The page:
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Mazda still number one for aftersales service
New JD Power CSI study shows Mazda holds sway with Holden, Hyundai up, VW below par
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25 Nov 2014
By TERRY MARTIN
MAZDA has reaffirmed its status as the best provider of aftersales service among the leading automotive brands in Australia, taking top honours in the 2014 JD Power Customer Service Index (CSI) study released today.
The influential study, now in its fifth year and considered a major barometer of how well Australia’s leading car companies are treating their customers at the service department, has again turned up some startling results that are certain to prompt internal reviews at the highest level.
As well as Mazda securing its second successive number-one ranking – its third top placing overall, having proven to be the standout performer in the inaugural survey conducted in 2010 – Holden has made a remarkable improvement in the space of 12 months while Volkswagen, in stark contrast, remains at the bottom of the table.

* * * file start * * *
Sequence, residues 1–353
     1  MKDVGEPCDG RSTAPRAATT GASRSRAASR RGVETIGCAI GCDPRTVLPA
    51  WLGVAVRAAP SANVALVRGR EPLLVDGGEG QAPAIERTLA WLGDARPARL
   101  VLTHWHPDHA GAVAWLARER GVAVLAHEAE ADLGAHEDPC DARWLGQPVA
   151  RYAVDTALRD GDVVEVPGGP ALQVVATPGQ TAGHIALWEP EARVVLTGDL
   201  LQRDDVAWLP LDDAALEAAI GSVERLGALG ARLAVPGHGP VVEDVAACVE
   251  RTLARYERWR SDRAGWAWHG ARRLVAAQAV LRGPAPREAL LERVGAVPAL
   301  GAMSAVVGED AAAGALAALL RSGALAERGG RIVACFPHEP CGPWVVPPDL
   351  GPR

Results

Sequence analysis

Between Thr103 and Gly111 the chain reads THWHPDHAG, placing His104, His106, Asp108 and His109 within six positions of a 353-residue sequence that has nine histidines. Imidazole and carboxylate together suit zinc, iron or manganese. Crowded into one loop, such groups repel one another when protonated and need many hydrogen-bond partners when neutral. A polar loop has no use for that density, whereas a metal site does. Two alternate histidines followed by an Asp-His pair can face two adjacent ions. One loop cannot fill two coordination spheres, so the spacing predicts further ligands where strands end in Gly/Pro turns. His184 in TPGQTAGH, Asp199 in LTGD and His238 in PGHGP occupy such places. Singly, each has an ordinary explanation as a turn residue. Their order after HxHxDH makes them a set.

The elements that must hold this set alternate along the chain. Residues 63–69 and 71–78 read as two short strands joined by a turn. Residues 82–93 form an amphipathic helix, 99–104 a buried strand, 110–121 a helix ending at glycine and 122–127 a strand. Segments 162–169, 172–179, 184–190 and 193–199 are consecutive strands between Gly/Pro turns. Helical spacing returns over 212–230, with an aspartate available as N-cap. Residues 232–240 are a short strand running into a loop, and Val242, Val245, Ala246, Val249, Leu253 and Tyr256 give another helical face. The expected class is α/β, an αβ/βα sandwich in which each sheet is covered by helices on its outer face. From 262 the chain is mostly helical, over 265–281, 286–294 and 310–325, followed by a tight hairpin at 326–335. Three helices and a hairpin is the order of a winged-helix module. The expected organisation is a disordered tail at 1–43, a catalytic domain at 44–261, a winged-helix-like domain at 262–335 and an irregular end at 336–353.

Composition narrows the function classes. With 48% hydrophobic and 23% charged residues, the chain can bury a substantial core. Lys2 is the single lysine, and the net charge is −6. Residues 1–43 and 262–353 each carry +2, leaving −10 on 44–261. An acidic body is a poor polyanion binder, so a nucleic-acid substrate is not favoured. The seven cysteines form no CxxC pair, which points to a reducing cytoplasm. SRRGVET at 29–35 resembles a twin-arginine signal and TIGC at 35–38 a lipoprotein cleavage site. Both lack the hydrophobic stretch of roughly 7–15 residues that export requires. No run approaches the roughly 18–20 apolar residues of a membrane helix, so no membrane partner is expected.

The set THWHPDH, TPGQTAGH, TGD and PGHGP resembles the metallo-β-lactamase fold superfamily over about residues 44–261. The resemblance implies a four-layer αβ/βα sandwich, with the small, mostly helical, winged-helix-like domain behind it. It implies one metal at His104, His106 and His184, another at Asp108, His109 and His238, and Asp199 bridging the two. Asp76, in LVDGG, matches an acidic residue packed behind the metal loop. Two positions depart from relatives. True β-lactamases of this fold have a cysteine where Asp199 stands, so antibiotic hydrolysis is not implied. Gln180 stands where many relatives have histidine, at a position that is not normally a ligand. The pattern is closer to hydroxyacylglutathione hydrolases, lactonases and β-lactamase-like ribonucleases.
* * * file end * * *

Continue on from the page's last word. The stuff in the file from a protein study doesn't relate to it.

Several other mass-market brands have slipped below the industry average, including Ford, Honda and Nissan, and while Kia has fallen this year, fellow South Korean brand Hyundai has improved significantly to now be considered a major threat to the dominant Japanese brands.
Among these, Subaru has overtaken Toyota to secure second place in the study, which measures Australian new-vehicle buyer satisfaction with the aftersales service process (using a 1000-point scale) by examining dealer performance across five areas (in order of weighting): service quality, vehicle pick-up, service advisor, service initiation and service facility.
This year’s study is based on responses from 4313 owners who purchased their new vehicle between August 2009 and September 2014, and took their vehicle in for service at an authorised dealership between August 2013 and September this year. The study was fielded in August and September.
As the industry average rose seven points this year to 790 – a mark that is still below the average recorded in 2011 and 2012 – Mazda (806), which performs particularly well in service quality and facility areas, moved two points ahead to be just clear of Subaru (804), which improved three points while Toyota, relegated to third, failed to better last year’s mark of 802 points.